Can Prison Be a Healing Place?
Why the warden of Hawaii’s only women’s prison creates a sanctuary for its residents
by Sarah van Gelder from YES! magazine
When Warden Mark Kawika Patterson started work at the Women’s Community Correctional Center (WCCC) outside Honolulu, he made a discovery that upended his ideas about prisons. Fully a third of the inmates at Hawaii’s only women’s prison were on medication for psychiatric disorders, 90 percent of their crimes were drug related, and, of those who were addicts, 75 percent had a history of emotional, physical, or sexual trauma.
These women don’t need punishment, Patterson realized. They need a place to heal. He set out to reinvent the WCCC as a pu‘uhonua. In traditional Hawaiian culture, a pu‘uhonua is a sanctuary where those who break a taboo or rule, or are fleeing violent conflict, can go for forgiveness and transformation.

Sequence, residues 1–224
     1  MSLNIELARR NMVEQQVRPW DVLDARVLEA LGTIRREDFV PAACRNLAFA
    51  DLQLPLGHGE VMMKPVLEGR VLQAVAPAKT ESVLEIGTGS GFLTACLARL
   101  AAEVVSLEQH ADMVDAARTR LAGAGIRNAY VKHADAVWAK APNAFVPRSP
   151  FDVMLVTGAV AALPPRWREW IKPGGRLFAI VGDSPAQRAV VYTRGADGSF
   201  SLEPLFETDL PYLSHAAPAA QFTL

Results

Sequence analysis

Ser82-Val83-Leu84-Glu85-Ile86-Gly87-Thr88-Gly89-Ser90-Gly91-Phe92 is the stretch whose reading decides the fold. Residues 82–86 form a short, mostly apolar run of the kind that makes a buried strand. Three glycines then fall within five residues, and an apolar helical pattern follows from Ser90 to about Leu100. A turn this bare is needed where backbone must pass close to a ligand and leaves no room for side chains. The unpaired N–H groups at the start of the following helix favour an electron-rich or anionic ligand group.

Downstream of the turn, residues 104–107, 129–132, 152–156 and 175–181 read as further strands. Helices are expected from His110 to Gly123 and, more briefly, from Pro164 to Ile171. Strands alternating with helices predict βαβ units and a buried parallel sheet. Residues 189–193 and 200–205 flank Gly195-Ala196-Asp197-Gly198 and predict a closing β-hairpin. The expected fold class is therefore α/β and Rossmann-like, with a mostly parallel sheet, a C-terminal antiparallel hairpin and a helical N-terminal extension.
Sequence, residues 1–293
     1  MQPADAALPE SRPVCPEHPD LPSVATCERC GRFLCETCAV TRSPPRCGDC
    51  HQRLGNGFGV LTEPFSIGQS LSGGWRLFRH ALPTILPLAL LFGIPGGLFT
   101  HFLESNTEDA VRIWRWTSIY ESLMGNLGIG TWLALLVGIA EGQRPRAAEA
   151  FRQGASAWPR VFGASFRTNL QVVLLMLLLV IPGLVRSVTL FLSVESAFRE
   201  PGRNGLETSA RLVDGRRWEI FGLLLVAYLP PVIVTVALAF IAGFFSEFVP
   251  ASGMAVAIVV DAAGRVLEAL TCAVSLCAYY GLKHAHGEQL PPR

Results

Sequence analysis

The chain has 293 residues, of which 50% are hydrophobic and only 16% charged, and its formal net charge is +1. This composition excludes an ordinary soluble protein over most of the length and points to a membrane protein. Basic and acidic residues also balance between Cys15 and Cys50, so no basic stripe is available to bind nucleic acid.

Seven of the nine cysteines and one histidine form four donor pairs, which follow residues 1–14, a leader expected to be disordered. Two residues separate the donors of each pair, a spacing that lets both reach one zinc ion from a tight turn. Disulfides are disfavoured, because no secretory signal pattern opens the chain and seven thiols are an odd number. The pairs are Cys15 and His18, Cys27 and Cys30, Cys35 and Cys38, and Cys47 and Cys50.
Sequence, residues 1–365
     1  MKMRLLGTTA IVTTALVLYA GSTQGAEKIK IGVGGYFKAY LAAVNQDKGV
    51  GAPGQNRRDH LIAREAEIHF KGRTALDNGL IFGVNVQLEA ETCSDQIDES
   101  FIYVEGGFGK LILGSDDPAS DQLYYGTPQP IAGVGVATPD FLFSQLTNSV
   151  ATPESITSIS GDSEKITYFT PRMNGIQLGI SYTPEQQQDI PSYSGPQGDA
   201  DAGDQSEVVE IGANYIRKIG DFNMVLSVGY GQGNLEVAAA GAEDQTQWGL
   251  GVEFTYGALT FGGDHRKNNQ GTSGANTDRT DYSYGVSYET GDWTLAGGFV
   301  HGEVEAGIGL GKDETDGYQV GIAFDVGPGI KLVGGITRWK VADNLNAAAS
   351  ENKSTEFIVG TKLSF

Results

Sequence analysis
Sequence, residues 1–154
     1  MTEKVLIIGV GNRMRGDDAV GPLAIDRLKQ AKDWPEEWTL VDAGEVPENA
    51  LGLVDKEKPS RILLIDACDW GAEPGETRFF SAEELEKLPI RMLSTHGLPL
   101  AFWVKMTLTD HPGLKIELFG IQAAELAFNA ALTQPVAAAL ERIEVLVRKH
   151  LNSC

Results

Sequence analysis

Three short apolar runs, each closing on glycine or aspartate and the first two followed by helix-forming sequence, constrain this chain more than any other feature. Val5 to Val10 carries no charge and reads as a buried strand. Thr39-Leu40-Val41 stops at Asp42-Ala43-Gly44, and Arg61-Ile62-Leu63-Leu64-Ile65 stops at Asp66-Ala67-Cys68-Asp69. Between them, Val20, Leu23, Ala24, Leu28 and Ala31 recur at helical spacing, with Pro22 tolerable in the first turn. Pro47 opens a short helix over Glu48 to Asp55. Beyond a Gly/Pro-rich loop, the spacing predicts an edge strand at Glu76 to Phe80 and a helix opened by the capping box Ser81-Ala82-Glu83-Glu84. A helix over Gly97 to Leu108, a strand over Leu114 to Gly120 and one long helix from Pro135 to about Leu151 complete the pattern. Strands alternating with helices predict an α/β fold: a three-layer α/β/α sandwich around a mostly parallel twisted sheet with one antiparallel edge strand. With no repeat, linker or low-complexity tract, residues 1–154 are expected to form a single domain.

“We go through stages in prison: denial, grief, anger, and then freedom … I got free in prison.” —former inmate and current mentor, Daphne Ho’okano.
Like many prisons, the WCCC had few programs for the inmates when Patterson arrived. Although most of the inmates were incarcerated for minor infractions and classified as minimum security, the entire inmate population of 270 was treated like the 80 prisoners requiring higher security measures. In spite of the large number of women with psychiatric ailments, there were no full-time mental-health professionals, just a part-time psychiatrist.
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